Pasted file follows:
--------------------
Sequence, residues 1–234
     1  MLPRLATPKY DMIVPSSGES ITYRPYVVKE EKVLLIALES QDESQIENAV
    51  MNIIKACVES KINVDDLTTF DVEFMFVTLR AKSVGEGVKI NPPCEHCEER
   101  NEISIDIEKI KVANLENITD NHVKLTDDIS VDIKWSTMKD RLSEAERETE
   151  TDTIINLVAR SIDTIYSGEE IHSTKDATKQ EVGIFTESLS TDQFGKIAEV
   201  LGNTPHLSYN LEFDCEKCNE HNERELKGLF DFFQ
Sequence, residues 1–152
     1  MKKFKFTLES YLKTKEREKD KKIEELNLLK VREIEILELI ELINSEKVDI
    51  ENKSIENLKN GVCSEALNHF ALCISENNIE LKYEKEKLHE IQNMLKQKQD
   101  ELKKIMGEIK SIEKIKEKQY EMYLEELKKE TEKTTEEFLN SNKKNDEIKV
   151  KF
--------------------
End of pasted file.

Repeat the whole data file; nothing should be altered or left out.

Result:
Sequence, residues 1–234
     1  MLPRLATPKY DMIVPSSGES ITYRPYVVKE EKVLLIALES QDESQIENAV
    51  MNIIKACVES KINVDDLTTF DVEFMFVTLR AKSVGEGVKI NPPCEHCEER
   101  NEISIDIEKI KVANLENITD NHVKLTDDIS VDIKWSTMKD RLSEAERETE
   151  TDTIINLVAR SIDTIYSGEE IHSTKDATKQ EVGIFTESLS TDQFGKIAEV
   201  LGNTPHLSYN LEFDCEKCNE HNERELKGLF DFFQ
Sequence, residues 1–152
     1  MKKFKFTLES YLKTKEREKD KKIEELNLLK VREIEILELI ELINSEKVDI
    51  ENKSIENLKN GVCSEALNHF ALCISENNIE LKYEKEKLHE IQNMLKQKQD
   101  ELKKIMGEIK SIEKIKEKQY EMYLEELKKE TEKTTEEFLN SNKKNDEIKV
   151  KF